Yet in some country areas, such as Mashonaland, where support for Zanu (PF) was high, an astounding 75 per cent turnout was reported. Yesterday the Opposition leader, Morgan Tsvangirai, called the result “the worst case of polling fraud ever recorded” and he may not be far wrong. The Norwegian observers said that the election had failed to meet “accepted criteria”, and described “an environment of strong polarisation, political violence and an election administration with severe shortcomings”. The bureaucratic language masks the harsh reality of what has happened.

    “There is such cynicism here,” said Shirley. “Last night we watched Chinamasa (Patrick Chinamasa, the Justice Minister proclaim there had been no intimidation. The BBC news then showed film of soldiers firing shots over the crowd.”

    In the aftermath of the election, that cynicism is beginning to spread beyond the borders of Zimbabwe, exposing deep divisions between black Africa and the rest of the world. Yesterday observers from Nigeria and South Africa pronounced the election result “legitimate”, and said that the “people of Zimbabwe have spoken”. In a phrase that will produce a chill in London, Brussels and Washington, the South African mission said it was “heartened” by the result. There had been, it conceded, a few cases of ballot-rigging, but on the whole the process had been open and fair. The shabbiness of that verdict suggests that for black African states expediency has taken the place of morality.

    Everything now hinges on whether President Mbeki of South Africa will accept it. If he does so, then Tony Blair’s pledge to work with him to help to heal the scars of modern Africa will have turned to dust. No one who cares about justice, or the fate of thousands of black Zimbabweans who now face vengeance from Mr Mugabe’s henchmen for having dared to oppose him, can possibly condone the way this election was conducted or the result it produced. Only by speaking out against it, and by moving to isolate Mr Mugabe and his regime, can the outside world hope to exert any meaningful pressure on a country which now faces economic and political bankruptcy.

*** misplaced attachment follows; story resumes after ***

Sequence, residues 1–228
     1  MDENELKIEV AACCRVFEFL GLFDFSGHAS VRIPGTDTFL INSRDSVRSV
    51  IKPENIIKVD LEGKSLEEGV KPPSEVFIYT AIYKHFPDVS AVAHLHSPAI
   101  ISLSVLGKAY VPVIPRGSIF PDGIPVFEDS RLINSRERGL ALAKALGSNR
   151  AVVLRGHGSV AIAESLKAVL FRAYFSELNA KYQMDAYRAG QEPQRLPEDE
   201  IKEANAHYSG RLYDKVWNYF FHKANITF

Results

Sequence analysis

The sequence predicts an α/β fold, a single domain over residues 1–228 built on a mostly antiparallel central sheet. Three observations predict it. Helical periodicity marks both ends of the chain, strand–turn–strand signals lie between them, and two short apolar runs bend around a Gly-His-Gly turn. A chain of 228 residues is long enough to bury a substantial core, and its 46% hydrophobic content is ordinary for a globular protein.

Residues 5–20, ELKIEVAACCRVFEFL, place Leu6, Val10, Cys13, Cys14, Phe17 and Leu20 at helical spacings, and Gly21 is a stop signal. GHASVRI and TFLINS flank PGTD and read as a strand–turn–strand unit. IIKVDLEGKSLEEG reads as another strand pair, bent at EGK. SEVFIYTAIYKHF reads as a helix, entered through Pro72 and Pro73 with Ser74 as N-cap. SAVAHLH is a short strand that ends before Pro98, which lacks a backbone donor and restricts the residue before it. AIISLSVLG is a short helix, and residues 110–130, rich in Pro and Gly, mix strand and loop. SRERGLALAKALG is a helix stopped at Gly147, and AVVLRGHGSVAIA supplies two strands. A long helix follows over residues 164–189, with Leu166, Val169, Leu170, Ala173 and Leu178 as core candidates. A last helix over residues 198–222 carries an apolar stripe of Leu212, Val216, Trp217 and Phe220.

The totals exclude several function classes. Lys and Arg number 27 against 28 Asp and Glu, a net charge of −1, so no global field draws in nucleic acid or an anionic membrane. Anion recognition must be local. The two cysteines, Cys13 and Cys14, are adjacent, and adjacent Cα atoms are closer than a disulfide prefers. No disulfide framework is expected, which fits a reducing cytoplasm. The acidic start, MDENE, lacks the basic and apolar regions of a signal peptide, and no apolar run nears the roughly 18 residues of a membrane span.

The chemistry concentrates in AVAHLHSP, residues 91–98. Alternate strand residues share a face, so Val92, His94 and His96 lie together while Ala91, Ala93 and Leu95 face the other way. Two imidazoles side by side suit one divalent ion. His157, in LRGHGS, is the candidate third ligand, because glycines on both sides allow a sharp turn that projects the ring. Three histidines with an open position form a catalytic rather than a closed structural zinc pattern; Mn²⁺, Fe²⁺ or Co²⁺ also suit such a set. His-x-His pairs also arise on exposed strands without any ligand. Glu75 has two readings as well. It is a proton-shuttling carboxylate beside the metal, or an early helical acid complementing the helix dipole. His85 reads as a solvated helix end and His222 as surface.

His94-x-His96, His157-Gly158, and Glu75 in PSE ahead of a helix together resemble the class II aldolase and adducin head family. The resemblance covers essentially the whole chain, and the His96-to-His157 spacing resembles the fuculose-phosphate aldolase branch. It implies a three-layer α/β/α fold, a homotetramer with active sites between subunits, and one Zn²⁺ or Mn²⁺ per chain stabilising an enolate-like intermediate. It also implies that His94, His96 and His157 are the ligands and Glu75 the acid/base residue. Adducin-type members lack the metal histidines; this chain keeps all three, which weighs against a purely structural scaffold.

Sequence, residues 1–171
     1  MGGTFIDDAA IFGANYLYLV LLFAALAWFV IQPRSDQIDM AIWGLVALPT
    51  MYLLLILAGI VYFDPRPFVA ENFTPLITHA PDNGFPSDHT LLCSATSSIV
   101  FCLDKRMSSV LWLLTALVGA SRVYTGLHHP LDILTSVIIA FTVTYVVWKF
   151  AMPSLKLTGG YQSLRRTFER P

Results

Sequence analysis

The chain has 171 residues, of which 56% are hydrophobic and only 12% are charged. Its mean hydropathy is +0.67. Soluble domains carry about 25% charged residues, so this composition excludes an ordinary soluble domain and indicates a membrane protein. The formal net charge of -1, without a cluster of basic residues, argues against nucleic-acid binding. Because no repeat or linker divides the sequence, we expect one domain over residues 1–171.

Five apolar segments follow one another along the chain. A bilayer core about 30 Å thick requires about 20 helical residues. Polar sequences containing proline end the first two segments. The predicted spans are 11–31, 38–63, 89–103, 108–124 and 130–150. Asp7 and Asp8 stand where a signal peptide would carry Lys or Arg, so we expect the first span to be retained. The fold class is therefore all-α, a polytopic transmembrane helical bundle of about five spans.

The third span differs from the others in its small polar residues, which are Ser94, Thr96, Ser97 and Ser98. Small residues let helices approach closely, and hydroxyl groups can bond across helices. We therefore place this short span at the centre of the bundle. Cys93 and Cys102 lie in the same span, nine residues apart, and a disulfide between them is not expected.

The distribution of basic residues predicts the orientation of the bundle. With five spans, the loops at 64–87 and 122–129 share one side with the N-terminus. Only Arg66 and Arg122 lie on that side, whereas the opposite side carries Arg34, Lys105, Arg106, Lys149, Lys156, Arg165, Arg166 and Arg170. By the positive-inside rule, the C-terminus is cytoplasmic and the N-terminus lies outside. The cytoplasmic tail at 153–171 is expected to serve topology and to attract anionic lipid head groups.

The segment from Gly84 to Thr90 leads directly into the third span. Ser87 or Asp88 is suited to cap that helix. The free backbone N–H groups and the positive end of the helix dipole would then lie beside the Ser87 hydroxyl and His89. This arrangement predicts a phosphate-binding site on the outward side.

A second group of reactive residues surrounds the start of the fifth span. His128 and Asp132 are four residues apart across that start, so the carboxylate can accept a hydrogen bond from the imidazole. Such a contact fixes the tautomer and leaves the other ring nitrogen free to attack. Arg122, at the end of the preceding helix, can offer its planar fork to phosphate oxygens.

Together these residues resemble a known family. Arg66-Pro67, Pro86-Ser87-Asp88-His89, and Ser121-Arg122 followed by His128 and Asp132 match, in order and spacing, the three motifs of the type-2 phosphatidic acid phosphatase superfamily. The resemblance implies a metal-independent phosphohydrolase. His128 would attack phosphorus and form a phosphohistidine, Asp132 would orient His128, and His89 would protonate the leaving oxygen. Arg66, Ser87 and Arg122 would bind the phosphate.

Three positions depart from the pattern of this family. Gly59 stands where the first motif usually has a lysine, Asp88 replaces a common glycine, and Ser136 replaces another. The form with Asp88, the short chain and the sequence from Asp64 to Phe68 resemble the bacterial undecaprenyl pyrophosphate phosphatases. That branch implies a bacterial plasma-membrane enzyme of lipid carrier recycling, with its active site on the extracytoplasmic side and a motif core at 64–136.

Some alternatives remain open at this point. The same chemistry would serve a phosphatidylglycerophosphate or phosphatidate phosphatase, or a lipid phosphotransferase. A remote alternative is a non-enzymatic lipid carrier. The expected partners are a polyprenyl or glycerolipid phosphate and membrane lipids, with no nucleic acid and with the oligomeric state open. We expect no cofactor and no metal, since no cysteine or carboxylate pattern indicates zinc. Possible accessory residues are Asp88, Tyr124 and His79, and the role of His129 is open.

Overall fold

The Commonwealth, which has already fallen at the first hurdle by failing to issue a forthright condemnation of fraud and intimidation before the elections, can redeem itself only by strongly censuring the rigged polls and state terrorism and suspending. Zimbabawe from membership. The history of the country and sanctions is not an encouraging one, but if there is no agreement now to impose them, the organisation will be seen as tacitly supporting a corrupt regime.

    John and Shirley have already had a foretaste of what lies ahead. Three days ago, a battered truck from the local Zanu (PF) headquarters arrived at their farm gate, carrying a gang of “war veterans”. They asked for firewood.

    Some farm-workers who came down to talk to them were seized, beaten up, and badly wounded. Their feet were pounded with clubs, and their eyelids burnt by cigarettes. A local human rights group was contacted, and was able to treat their wounds, take statements and give whatever help they could, but the incident was traumatic for everyone.

    The truck has since been back, and John and Shirley have instructed their workers to take to the hills every time it appears. How long they can keep this up, they don’t know. Earlier this year a 30-acre section of their farm was “designated”, that is, appropriated for the use of someone high up in Mugabe’s hierarchy. It is only a matter of time before the rest goes the same way.

    But Shirley and her husband will not leave unless forced to do so. They are responsible for 16 workers on the farm, all of whom have extended families, which, like them, have been together in the same place for generations.

    There has been a long drought this year, and a severe shortage of maize, so Shirley estimates that they are now having to feed 150 hungry mouths every day. If they go, these people face almost certain starvation, as well as violent retribution for working with white landowners.

    No one living on a white farm can feel secure in the new Zimbabwe, and no one who cares about Africa can feel anything but deep foreboding as they contemplate the nature of its ruling regime and the man who heads it.